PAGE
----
Most people today do not think of themselves as unclean, tarnished, or sinful. In fact, sin, as a word, has practically vanished from most people’s vocabulary. They will perhaps talk about errors, indiscretions, and miscalculations. But sin? Hardly! Even to those who still claim to believe in God, “his teachings constituted a set of moral beliefs rather than a moralistic code, the ‘10 suggestions’ rather than the 10 commandments,” observes Alan Wolfe, a professor of sociology.
What is the outcome of this way of thinking? Denial of, or at least the ignoring of, the reality of sin. This has produced a generation of people with a badly distorted sense of right and wrong, who feel free to set their own standards of behavior and feel responsible to no one for whatever they choose to do. To such people, feeling good is the sole criterion in judging whether a course of action is proper or not.—Proverbs 30:12, 13; compare Deuteronomy 32:5, 20.
For instance, on a television talk show, young people were invited to express their views of the so-called seven deadly sins. “Pride isn’t a sin,” declared one participant. “You’re supposed to feel good about yourself.” Regarding sloth, another said: “It’s good to be like that sometimes. . . . Sometimes it’s good to sit back and give yourself personal time.” Even the narrator provided this succinct comment: ‘The seven deadly sins are not evil acts but, rather, universal human compulsions that can be troubling and highly enjoyable.’ Yes, gone along with sin is the feeling of guilt, for, after all, guilt is the very opposite of feeling good.—Ephesians 4:17-19.
In sharp contrast with all of this, the Bible plainly states: “All have sinned and fall short of the glory of God.” (Romans 3:23) Even the apostle Paul acknowledged: “I know that in me, that is, in my flesh, there dwells nothing good; for ability to wish is present with me, but ability to work out what is fine is not present. For the good that I wish I do not do, but the bad that I do not wish is what I practice.” (Romans 7:18, 19) Paul was not here indulging in self-pity. Rather, because he fully realized how far mankind has fallen short of God’s glory, he felt all the more painfully sin’s grip on the fallen flesh. “Miserable man that I am!” he declared, “who will rescue me from the body undergoing this death?”—Romans 7:24.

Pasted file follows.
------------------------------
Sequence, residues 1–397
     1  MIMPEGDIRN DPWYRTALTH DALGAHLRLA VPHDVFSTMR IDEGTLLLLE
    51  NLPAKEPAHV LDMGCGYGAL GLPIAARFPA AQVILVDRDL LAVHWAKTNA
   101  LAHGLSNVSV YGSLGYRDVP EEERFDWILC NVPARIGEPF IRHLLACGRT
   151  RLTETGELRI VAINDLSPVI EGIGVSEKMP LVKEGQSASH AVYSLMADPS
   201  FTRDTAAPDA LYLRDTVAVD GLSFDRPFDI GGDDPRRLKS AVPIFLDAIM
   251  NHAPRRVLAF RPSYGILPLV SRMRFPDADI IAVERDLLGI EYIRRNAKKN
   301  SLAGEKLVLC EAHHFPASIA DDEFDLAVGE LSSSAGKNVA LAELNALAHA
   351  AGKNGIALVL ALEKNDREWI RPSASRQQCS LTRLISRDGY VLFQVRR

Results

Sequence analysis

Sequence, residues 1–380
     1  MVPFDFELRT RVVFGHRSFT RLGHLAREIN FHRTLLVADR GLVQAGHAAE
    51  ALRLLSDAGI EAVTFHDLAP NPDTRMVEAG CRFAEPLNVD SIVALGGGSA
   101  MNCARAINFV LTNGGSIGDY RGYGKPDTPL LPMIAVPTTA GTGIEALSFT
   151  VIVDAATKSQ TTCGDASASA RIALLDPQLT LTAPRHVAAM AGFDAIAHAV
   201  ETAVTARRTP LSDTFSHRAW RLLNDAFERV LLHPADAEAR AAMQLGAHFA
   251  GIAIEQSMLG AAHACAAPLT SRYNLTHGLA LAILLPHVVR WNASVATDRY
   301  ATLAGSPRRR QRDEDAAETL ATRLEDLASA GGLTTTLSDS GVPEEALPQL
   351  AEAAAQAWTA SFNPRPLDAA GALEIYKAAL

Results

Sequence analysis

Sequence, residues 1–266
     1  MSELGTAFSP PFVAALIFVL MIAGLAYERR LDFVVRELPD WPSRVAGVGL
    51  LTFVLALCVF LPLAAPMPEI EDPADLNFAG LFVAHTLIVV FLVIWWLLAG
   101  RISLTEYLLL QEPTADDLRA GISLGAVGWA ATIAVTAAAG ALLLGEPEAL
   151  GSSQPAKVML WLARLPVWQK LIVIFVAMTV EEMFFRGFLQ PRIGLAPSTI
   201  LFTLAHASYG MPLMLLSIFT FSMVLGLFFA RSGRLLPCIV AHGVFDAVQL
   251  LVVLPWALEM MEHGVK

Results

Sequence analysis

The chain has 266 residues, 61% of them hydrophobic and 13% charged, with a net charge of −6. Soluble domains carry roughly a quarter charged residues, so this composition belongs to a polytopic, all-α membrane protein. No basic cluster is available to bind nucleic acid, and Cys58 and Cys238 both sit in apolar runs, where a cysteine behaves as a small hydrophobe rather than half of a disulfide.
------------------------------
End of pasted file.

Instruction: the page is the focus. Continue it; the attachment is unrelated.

Nowadays we have more than 7 things to be careful of. In 2 Timothy 3:1-5 it tells us what will be happening in our time. I'm sure you can see these things yourself, right?
2 Timothy 3:1-5 says...3 But know this, that in the last days critical times hard to deal with will be here. 2 For men will be lovers of themselves, lovers of money, self-assuming, haughty, blasphemers, disobedient to parents, unthankful, disloyal, 3 having no natural affection, not open to any agreement, slanderers, without self-control, fierce, without love of goodness, 4 betrayers, headstrong, puffed up [with pride], lovers of pleasures rather than lovers of God, 5 having a form of godly devotion but proving false to its power; and from these turn away.
And money is not the root of all evil, the bible says the LOVE of it iswhat causes problems for some people, think about it, people will sale their life for money.
1 Timothy 6:10 says....For the love of money is a root of all sorts of injurious things, and by reaching out for this love some have been led astray from the faith and have stabbed themselves all over with many pains.